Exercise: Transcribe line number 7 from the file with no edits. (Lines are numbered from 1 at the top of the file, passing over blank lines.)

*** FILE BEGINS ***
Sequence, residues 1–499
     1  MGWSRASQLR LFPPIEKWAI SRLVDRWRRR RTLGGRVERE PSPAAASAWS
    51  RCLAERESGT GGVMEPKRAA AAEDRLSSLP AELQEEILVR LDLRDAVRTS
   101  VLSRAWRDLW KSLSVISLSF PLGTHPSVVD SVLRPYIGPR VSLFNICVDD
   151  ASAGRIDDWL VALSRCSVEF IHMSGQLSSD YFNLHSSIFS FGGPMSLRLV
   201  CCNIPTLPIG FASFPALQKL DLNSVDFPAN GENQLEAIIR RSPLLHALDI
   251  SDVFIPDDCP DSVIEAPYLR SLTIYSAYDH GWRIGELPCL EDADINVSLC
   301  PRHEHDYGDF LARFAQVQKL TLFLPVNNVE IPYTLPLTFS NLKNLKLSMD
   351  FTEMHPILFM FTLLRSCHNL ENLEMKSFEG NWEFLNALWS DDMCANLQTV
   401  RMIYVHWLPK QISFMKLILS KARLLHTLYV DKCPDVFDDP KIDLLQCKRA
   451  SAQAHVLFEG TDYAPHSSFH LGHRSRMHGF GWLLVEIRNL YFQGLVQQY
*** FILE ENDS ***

   251  SDVFIPDDCP DSVIEAPYLR SLTIYSAYDH GWRIGELPCL EDADINVSLC